Bottom Line: During the study period, the incidence decreased significantly (from 13.4 cases/1000 patients-year to 3.3 cases/1000 patients-year, P < 0.001).Although the incidence has decreased, in-hospital mortality remains stable in this setting.Long-term survival is very high among HAART-adherent patients.

View Article: PubMed Central - PubMed

Affiliation: From the Department of Infectious Diseases (CL-S, VF, JB, JN, AC, LM, IO, ER, MC, BA); and Department of Microbiology (MTM), University Hospital Valld'Hebron, UniversitatAutònoma de Barcelona, Barcelona, Spain.

ABSTRACT
As highly active antiretroviral treatment (HAART) is widely available, the incidence of Pneumocystis jirovecii pneumonia (PJP) has decreased significantly but still represents a significant cause of morbidity and mortality in developed countries. We analyzed all the cases with PJP in human immunodeficiency virus (HIV)-infected patients from 2000 to 2013 in a university hospital in Barcelona, Spain, and conducted a systematic literature review to evaluate data regarding incidence, mortality, and long-term survival after PJP in developed settings. One hundred thirty-six episodes of PJP were analyzed. During the study period, the incidence decreased significantly (from 13.4 cases/1000 patients-year to 3.3 cases/1000 patients-year, P < 0.001). Oppositely, median age of the patients increased from 34 years in 2000 to 45 in 2013 (P = 0.024). PJP preceded HIV diagnosis in nearly 50% of the cases. Fifteen (11%) patients died during the PJP episode. The main risk factor for in-hospital mortality in our cohort was age >50 years (odds ratio 4.96, 95% confidence interval [CI] 1.45-15.14). Patients who survived were followed-up during a mean time of 44 months. Overall 5-year survival of patients after hospital discharge was 73%. Survival likelihood was 54% higher (88% [95% CI 81-96]) among HAART-adherent patients. Mean age and the proportion of patients with unknown HIV infection at the time of PJP diagnosis have increased in developed countries in the HAART era. Although the incidence has decreased, in-hospital mortality remains stable in this setting. Long-term survival is very high among HAART-adherent patients.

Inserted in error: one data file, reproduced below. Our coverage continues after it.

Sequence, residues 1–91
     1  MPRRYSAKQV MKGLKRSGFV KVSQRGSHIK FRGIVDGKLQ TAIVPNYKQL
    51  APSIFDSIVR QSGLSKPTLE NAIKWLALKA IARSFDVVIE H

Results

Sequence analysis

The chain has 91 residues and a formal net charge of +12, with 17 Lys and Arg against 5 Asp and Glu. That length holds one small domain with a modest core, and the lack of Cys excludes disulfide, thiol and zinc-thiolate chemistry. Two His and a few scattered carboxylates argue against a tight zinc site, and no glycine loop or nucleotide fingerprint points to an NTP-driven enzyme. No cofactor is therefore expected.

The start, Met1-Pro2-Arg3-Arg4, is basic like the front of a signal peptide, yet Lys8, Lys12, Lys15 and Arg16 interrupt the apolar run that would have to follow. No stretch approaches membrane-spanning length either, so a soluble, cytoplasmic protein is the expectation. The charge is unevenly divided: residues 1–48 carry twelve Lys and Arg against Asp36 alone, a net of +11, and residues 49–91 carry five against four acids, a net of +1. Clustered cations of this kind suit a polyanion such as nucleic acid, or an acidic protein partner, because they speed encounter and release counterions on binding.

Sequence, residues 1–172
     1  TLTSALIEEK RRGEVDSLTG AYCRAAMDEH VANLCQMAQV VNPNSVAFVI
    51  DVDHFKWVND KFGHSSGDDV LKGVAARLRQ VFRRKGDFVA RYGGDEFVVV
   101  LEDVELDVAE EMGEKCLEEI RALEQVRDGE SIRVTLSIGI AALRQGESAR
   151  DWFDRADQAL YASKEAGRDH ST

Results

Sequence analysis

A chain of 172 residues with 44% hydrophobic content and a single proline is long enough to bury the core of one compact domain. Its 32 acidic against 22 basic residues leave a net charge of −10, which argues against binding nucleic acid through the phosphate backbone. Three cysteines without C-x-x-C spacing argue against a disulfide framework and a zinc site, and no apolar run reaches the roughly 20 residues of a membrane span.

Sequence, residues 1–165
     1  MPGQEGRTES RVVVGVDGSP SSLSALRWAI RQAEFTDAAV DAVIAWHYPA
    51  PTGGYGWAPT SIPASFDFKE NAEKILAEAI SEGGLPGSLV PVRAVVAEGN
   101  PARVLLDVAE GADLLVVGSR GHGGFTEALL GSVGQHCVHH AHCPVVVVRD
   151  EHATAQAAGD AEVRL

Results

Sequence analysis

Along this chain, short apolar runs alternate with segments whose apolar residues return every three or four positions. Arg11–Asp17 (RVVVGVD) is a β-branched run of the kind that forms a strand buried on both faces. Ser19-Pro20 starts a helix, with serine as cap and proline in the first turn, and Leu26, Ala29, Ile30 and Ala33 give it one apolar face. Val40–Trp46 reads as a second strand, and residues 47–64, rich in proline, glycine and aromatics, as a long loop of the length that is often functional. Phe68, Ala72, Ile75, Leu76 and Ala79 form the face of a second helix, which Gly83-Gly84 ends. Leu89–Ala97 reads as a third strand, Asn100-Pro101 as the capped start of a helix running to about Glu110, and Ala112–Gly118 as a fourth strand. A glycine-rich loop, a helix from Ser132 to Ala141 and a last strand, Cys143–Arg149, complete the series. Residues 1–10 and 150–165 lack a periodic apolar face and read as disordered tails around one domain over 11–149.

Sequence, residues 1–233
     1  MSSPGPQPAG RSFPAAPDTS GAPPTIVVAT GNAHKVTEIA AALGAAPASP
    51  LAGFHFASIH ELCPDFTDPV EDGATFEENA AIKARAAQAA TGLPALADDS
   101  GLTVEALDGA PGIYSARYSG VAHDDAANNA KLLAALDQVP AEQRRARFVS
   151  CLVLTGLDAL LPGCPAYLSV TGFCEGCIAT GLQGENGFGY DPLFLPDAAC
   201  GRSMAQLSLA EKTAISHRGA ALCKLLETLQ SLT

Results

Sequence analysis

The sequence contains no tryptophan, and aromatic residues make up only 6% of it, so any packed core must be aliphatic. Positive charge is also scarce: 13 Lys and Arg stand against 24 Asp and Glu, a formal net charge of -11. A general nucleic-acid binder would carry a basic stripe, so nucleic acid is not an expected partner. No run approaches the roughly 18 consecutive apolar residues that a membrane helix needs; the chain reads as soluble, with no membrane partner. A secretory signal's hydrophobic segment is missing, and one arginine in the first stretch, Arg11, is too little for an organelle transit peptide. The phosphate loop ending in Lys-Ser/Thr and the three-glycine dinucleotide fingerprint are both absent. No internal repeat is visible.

Show MeSH
Related in: MedlinePlus